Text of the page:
Kink (sexual)

In human sexuality, kinkiness or kinky (adjective), is a term used to refer to an intelligent and playful usage of sexual concepts in an accentuated, and unambiguously expressive form. Such expressions may represent a mature degree of social and sexual intelligence, wherein partners and prospective partners mutually communicate sexual understanding, interests, and tastes through outward and characteristic expressions such as gesture, dress, and conducive interaction.

In current usage, the term “kink” has instead come to refer to a range of objective and objectifying sexualistic practices ranging in degree from the playful to the paraphilic. These include spanking, bondage, dominance and submission, sadomasochism (BDSM) and sexual fetishism.

Kink sexual practices go beyond what are considered conventional sexual practices as a means of heightening the intimacy between sexual partners. Some draw a distinction between “kink” and “fetishism”, defining the former as enhancing partner intimacy, and the latter as replacing it.[1] Because of its relation to “normal” sexual boundaries, which themselves vary by time and place, the definition of what is and is not kink varies widely as well. Practitioners are sometimes considered to be perverts by “outsiders.”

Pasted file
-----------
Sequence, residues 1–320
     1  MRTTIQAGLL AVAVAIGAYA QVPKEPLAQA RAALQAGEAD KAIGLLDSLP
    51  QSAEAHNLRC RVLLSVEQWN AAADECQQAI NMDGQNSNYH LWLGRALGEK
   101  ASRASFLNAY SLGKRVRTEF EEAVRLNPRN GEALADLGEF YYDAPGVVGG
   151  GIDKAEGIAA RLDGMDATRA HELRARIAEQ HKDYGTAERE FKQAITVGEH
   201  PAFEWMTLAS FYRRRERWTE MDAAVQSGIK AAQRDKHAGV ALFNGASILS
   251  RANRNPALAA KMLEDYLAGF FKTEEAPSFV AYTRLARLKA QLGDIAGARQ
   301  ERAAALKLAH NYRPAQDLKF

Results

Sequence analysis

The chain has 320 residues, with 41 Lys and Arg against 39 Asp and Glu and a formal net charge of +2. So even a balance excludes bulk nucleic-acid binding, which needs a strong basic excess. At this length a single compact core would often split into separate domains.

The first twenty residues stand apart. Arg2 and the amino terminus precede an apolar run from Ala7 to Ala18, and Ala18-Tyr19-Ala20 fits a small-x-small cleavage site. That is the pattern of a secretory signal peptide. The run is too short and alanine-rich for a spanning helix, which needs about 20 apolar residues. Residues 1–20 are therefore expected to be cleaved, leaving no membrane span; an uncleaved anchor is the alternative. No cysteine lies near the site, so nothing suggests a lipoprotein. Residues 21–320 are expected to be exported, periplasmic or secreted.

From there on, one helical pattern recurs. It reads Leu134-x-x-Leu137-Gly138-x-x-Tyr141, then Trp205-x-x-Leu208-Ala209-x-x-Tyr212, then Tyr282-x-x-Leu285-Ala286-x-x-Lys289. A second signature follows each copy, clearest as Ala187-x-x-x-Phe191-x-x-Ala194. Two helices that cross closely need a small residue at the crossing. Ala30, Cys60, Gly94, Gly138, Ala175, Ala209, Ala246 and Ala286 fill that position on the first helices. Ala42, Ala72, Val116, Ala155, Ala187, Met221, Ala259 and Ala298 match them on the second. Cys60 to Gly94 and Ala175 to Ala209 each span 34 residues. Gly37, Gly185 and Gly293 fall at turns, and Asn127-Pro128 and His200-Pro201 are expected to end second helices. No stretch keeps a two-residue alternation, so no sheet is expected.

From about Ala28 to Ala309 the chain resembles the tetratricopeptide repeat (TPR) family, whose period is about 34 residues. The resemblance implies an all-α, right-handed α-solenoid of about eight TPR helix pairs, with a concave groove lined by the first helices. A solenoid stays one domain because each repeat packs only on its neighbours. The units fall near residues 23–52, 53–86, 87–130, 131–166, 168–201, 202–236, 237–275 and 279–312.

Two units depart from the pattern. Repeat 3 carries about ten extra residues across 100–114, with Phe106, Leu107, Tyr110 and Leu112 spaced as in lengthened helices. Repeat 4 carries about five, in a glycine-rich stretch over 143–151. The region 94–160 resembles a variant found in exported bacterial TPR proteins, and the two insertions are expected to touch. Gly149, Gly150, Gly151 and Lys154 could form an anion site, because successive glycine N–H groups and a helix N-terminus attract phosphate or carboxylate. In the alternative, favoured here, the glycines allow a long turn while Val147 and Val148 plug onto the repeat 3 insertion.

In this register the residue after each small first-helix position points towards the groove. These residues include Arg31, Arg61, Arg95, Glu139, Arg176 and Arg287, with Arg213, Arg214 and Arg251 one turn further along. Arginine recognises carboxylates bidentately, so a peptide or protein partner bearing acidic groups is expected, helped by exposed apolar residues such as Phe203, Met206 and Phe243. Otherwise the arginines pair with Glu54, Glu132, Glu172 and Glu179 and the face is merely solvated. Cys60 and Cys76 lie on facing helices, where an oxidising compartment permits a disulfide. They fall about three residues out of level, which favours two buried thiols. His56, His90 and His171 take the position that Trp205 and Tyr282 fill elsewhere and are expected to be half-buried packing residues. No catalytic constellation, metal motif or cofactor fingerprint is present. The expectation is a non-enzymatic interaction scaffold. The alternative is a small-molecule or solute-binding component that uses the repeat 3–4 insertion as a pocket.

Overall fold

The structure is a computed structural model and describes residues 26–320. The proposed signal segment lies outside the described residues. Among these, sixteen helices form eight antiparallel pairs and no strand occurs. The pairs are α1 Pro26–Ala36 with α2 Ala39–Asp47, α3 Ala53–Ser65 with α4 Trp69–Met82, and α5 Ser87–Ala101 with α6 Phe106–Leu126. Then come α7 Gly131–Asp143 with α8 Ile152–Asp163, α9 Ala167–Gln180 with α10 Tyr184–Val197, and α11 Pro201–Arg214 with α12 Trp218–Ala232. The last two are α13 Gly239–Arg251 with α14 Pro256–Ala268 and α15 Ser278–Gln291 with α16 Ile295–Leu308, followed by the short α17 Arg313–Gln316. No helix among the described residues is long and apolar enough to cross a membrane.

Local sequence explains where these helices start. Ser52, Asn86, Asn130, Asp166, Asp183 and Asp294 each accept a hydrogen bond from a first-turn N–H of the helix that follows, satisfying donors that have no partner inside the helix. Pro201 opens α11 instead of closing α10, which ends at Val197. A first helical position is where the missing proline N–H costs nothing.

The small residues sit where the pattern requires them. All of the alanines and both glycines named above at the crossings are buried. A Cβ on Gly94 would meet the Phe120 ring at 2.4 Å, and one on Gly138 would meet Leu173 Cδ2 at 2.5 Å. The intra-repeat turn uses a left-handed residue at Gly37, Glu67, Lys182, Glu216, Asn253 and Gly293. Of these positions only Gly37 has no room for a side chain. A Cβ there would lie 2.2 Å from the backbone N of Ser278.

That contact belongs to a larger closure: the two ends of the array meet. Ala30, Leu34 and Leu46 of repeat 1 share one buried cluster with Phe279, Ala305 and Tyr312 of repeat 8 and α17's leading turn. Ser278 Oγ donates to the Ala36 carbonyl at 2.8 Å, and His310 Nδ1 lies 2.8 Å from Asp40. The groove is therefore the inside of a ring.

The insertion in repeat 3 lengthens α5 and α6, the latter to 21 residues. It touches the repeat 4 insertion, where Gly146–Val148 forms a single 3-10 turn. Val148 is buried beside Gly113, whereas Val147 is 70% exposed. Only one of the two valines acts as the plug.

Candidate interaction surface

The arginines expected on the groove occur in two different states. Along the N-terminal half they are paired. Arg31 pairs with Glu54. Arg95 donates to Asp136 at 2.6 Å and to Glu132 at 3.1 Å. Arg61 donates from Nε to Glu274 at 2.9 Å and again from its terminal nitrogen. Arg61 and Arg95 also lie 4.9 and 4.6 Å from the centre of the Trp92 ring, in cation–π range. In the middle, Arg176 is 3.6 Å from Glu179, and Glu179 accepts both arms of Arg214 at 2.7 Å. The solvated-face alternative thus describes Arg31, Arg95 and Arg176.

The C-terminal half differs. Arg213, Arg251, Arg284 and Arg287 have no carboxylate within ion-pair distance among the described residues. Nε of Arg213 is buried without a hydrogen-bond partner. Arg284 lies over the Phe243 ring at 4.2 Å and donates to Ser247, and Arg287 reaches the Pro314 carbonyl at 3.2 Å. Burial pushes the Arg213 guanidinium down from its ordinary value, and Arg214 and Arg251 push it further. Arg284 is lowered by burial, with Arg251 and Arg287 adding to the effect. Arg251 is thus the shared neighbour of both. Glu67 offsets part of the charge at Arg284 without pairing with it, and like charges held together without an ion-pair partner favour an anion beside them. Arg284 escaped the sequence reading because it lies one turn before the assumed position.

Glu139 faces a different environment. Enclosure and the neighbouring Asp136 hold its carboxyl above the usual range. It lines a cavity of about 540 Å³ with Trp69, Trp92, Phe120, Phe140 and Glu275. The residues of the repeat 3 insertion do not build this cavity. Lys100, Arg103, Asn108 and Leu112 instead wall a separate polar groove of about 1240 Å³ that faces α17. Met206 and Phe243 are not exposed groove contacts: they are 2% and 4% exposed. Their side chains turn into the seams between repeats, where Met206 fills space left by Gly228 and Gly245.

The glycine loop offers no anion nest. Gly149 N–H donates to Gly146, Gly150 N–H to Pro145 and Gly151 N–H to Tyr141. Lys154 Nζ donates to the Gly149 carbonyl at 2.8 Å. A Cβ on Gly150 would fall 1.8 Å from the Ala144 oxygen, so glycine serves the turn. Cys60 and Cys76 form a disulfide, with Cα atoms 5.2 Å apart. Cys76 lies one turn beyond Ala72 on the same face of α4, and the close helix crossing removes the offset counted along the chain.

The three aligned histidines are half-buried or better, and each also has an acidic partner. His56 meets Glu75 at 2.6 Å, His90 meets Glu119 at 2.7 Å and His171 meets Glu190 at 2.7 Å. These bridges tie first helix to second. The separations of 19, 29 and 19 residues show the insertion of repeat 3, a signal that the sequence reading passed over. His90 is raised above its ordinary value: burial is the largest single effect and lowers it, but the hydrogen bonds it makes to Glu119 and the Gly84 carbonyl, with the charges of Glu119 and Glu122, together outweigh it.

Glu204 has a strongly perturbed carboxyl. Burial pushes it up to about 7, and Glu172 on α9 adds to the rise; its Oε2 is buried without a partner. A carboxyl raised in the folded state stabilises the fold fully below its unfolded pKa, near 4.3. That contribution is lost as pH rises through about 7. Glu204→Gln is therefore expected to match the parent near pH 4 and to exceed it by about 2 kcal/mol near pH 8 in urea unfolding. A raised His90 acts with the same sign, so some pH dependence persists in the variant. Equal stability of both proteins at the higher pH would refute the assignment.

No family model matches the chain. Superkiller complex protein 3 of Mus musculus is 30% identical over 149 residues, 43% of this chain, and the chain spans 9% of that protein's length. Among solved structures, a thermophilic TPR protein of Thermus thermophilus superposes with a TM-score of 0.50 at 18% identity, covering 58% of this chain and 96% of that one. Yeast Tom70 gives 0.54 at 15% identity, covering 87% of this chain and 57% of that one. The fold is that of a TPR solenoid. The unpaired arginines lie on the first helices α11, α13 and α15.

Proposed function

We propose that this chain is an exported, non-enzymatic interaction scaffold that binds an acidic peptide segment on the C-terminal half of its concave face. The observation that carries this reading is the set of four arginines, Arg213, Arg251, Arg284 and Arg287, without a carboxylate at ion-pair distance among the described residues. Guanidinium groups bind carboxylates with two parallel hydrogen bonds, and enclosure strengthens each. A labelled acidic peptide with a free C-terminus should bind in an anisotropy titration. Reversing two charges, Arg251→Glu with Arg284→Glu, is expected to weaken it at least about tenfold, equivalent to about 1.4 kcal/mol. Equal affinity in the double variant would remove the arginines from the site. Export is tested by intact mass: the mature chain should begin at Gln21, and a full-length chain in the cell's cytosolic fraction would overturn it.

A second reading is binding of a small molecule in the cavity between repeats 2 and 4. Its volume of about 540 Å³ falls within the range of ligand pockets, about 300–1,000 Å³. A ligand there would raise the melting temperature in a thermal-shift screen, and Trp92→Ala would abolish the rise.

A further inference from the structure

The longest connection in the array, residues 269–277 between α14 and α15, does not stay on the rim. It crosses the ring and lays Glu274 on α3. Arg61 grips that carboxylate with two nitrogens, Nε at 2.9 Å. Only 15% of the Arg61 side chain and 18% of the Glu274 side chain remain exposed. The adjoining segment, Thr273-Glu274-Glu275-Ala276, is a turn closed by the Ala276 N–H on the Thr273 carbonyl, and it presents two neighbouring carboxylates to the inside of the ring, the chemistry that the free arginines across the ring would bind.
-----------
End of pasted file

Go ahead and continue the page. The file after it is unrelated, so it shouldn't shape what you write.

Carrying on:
That’s a lot to take in. Let’s break it down:

  1. Kink is “intelligent and playful usage of sexual concepts in an accentuated, and unambiguously expressive form” That’s good! And it indicates “ mature degree of social and sexual intelligence” That’s great! (go us!)But

  2. Unfortunately “In current usage, the term “kink” has instead come to refer to a range of objective and objectifying sexualistic practices ranging in degree from the playful to the paraphilic. These include spanking, bondage, dominance and submission, sadomasochism (BDSM) and sexual fetishism.” So according to our up-to-date, crowd-sourced, techno-savvy reference here, “Kink” has come to be associated with just one group of people, which is not so good.